One of the decisions you need to make when you launch your new website is this: who should have access to your website? That is, who should be able to get into the admin area and make changes?
You usually have several options when you set up your website. You might choose to have a CMS, a content management system. We use Word Press, which powers 39% of the Internet these days, but there are other options. You generally just need a username and password to get into the admin area of a CMS.
You can also use Notepad or Dreamweaver and upload your changes to your site. For this, you need some skill or training, but not an IT department. You also need username, password, and some other information for FTP access.
There is nothing to keep you from posting the access info on your office bulletin board (physical or virtual) and letting everyone mess with the website. Nor is there anything to keep you from keeping that information entirely to yourself, or just having your webmaster make any changes you want. Somewhere in between is the option of selecting people who should have access, and having each set up and individual username and password.
Things to consider when planning access to your website
- You can easily mess up your website. I change text at my website whenever I feel like it. I’m competent with WordPress and I feel free to make changes in the editor — carefully. However, I don’t use PHP and I am not a developer. If I need a developer, I hire one. If you are, say, a gym owner or a physician or a dance teacher, you might have fewer things you can readily change without messing things up. And it might take you a while to realize you’ve messed things up, too. And then when you try to fix it, you may really mess it up.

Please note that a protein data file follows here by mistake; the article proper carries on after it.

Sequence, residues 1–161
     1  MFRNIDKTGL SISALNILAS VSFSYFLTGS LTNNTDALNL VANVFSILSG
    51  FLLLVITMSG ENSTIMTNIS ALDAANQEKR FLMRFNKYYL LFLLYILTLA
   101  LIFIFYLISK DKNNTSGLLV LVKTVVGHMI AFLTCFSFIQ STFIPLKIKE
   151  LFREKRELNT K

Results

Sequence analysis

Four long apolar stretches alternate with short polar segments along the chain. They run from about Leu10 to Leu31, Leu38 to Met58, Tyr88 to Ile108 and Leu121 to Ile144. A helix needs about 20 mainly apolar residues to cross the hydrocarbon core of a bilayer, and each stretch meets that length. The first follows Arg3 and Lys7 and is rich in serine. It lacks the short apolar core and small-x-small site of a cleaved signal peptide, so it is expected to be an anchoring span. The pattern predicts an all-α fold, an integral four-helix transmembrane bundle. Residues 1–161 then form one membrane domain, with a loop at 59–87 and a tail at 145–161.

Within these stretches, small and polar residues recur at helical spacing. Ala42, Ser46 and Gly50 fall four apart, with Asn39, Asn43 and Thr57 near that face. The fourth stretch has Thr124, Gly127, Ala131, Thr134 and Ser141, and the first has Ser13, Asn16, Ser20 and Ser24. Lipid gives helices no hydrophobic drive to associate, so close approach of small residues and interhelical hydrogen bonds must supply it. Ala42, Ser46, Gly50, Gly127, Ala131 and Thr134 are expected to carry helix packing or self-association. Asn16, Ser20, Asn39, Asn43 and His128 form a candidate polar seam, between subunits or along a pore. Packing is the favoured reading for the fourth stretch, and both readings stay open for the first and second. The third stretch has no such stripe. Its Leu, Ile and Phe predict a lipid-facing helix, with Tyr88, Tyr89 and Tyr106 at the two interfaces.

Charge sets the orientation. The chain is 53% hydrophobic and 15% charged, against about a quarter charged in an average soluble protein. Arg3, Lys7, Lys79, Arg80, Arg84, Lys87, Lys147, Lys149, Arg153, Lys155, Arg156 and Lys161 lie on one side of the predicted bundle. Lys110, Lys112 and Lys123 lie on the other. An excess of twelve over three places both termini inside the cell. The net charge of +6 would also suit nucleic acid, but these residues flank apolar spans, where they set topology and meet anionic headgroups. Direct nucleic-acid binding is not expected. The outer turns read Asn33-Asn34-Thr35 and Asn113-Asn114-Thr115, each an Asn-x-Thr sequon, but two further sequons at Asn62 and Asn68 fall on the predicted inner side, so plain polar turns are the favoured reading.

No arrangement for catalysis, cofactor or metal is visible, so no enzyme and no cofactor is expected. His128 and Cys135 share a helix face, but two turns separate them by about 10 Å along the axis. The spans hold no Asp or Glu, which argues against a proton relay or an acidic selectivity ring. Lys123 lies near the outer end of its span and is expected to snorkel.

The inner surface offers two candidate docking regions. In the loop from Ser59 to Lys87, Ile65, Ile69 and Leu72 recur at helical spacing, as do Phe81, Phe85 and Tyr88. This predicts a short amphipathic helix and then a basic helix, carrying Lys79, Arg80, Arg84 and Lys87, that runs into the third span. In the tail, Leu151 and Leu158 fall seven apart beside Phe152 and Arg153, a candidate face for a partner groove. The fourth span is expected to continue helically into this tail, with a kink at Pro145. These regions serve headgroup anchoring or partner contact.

- Your staff may come and go. We all know at least one story about a disgruntled employee with access to a website, and the horrible things he or she did to said website. Even without that kind of drama, though, it’s easy to lose track of changes made at your website if lots of people have access. At least once a month I spend a few hours of some client’s time tracking down and fixing things someone from the past has done. You’d be surprised how much time it can take to find and change that leftover outdated phone number or unlinked landing page.
- You may want to delegate. Granted, it’s easy to mess up your website. But it’s also easy to update a calendar, change the featured products, or add the name of a new associate. If you’re the business owner, that’s probably not the best use of your time. Identifying a staff person to keep up with those things, giving access to that person, and keeping a record of some kind of both the access information and the tasks performed is going to make your life easier in the future.
Tips for websites with lots of users
But we’ve built sites for non-profits that are very open, or have sections which are very open. Having many volunteers willing to help with the website can be worth the trade-off of having lots of users.
Here are some things that can help keep a tight ship under those circumstances:
- Use tools like ManageWP to control access. You can set up a connection between ManageWP and your website once, and manage users from the ManageWP dashboard. Your users only log in from ManageWP, not from the website itself.
- Make sure each user has his or her own login information. If everyone shares login information, it’s hard to limit access. IF everyone has his or her own user account, you can see who made which changes, in case you need to give feedback or follow up.
- Think about using a plugin like Publish Press Capabilities to add more specific details to users’ accounts. This can let you be very specific about which actions or parts of a website each individual can access.
There’s no one right answer to the question of who should have access to your website. It’s simply an important decision to make.
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